The Washington Post's Chris Cillizza wrote a piece giving Barack Obama some advice on what to say in his State of the Union address. The article almost reads like a parody of Beltway punditry.
FAIR TV: Big Papers Withhold News, Curious 'Confirmation' of Israeli Gov't Claims, 60 Minutes Plays Softball
This week on FAIR TV we take a look at the the "informal arrangement" between several media outlets–including the New York Times and the Washington Post– to not report news about a CIA drone base.
We also talk about the curious standard for "confirming" news from Israeli government officials, and we take a look at the 60 Minutes softball interview with Hillary Clinton and Barack Obama.
At the top of his 60 Minutes interview with Barack Obama and Hillary Clinton, Steve Kroft declares, "The White House offered us 30 minutes, barely enough time to scratch the surface of their complicated personal and professional relationship, let alone discuss their policies." Apparently what that meant was, "So I didn't bother to ask them about that policy stuff."
In the latest edition of FAIR TV: Did Barack Obama's inaugural address really signify a shift to the left? Plus the Washington Post gives the government a chance to make anonymous claims about how much Iranians are suffering due to their sanctions policy. And PBS takes a look at drones,with special funding from… drone manufacturer Lockheed Martin? Take a look:
A Washington Post story today (1/24/13) leads with this: The success of President Obama's starkly liberal second-term agenda will rest largely on the shoulders of Senate majority leader Harry M. Reid, who has been a rock-solid political ally and a valued legislative tactician for Obama during his first term. That characterization of Obama's agenda–shared by many in corporate media (FAIR Media Advisory, 1/23/13)–a seems better suited for an op-ed than a news article, especially since reporter Paul Kane has little to back up his argument. The piece is mostly about Obama's gun proposals, which Kane reports will constitute three things: [...]
Since the consensus seems to be that Obama's inaugural address was actually a statement of a bold, progressive vision for his second term, it's not a surprise that some in the corporate media are upset. Obama's words were seen as particularly injurious to Republicans, who presumably already feel bad enough as it is.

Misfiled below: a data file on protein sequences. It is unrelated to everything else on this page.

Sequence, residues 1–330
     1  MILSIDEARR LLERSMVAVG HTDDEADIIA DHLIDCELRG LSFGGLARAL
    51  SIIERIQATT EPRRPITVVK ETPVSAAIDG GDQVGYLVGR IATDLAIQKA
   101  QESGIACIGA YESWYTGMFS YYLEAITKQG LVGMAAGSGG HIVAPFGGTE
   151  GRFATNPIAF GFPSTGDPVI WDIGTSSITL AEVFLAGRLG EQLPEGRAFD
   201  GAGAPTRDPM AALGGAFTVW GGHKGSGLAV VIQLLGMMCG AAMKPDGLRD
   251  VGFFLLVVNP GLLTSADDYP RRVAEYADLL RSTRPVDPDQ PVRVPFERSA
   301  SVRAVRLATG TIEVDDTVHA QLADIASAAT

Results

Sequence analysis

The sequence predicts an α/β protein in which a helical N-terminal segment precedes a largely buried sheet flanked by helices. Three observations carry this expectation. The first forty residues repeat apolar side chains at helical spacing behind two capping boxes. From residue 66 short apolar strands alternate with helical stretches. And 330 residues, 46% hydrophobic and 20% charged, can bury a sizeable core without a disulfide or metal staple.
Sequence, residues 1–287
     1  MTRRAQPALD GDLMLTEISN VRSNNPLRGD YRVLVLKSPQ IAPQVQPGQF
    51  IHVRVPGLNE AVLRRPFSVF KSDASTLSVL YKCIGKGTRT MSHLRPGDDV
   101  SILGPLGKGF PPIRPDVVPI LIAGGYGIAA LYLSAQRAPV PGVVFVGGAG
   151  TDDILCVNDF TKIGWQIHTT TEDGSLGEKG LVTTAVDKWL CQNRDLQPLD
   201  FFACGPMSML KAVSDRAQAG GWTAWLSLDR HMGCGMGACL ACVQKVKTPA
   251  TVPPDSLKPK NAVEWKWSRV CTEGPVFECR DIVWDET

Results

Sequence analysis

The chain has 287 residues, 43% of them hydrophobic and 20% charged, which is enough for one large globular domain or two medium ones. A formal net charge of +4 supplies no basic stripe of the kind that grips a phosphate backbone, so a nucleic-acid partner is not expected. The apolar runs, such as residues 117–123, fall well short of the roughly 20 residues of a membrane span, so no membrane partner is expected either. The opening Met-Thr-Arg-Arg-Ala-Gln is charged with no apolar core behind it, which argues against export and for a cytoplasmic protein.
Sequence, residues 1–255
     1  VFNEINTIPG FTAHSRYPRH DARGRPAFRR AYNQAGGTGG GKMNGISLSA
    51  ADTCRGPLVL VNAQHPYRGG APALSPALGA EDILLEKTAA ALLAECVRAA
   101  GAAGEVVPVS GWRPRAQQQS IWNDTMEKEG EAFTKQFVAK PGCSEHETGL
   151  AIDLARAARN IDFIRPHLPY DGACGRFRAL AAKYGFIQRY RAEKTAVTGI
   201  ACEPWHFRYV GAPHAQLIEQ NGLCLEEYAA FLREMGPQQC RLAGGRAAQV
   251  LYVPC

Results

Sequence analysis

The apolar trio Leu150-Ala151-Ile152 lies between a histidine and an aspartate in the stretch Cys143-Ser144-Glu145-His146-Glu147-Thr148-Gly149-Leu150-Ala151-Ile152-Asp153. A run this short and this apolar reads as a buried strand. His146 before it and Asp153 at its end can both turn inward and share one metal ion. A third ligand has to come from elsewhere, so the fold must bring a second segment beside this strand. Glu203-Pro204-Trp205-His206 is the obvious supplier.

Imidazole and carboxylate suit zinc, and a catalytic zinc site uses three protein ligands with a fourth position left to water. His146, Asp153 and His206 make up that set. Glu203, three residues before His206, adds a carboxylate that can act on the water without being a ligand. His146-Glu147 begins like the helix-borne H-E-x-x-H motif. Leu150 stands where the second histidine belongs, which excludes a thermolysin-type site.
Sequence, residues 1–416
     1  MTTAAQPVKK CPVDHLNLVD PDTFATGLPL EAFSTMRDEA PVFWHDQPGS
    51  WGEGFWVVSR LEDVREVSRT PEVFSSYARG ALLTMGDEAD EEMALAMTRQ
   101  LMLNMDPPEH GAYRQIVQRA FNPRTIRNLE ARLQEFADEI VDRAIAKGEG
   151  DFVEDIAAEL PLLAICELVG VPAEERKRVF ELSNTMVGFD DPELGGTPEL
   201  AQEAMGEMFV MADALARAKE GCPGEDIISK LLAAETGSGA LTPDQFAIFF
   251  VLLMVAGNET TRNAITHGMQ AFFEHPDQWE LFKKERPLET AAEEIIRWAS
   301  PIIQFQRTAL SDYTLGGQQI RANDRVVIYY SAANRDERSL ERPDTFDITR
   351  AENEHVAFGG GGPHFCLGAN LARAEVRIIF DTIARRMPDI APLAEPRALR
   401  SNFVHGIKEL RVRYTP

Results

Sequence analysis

Republicans and various right-wing commentators have had a thing for talking about the supposedly "anti-business" tilt of the Obama administration. It's never made much sense–and it doesn't make any more sense now that pundits are reacting to news that Obama will tap his current chief of staff Jack Lew to be his next Treasury secretary.
Fox News CEO Roger Ailes recently renewed his contract, and he gave an interview to explain why. As one might expect, given the we-only-look-biased-because-the-other-guys-are-so-biased philosophy at Fox, he's motivated by what he sees as the outrageously partisan media everywhere else (MediaBistro, 11/16/12): Ailes was also sparked by what he experienced at a Washington journalists' dinner. "When I saw the president say, 'I know you all voted for me,' and a thousand people stood up and cheered and applauded and then when the applause died down, he said, 'Oh probably except you guys at the Fox table.' I thought, 'Am I [...]
This week: What do corporate media get wrong about the "cycle of violence" in Gaza? Is there really such a thing as a "fiscal cliff"? And David Gregory says Obama's big mistake was not having an economy-boosting event with CEOs. You mean like the one he had a week after being inaugurated in 2009? Take a look–and spread the word:
New York Times media reporter David Carr (11/12/12) had some kind words for Fox News Channel's Election Night coverage: On Tuesday night, the people in charge of Fox News were confronted with a stark choice after it became clear that Mr. Romney had fallen short: was Fox, first and foremost, a place for advocacy or a place for news? In this moment, at least, Fox chose news. After relating the story of Karl Rove's contrarian insistence that Obama had not won Ohio and thus the election–including the oddest part of the story, which is that one of Fox News' featured [...]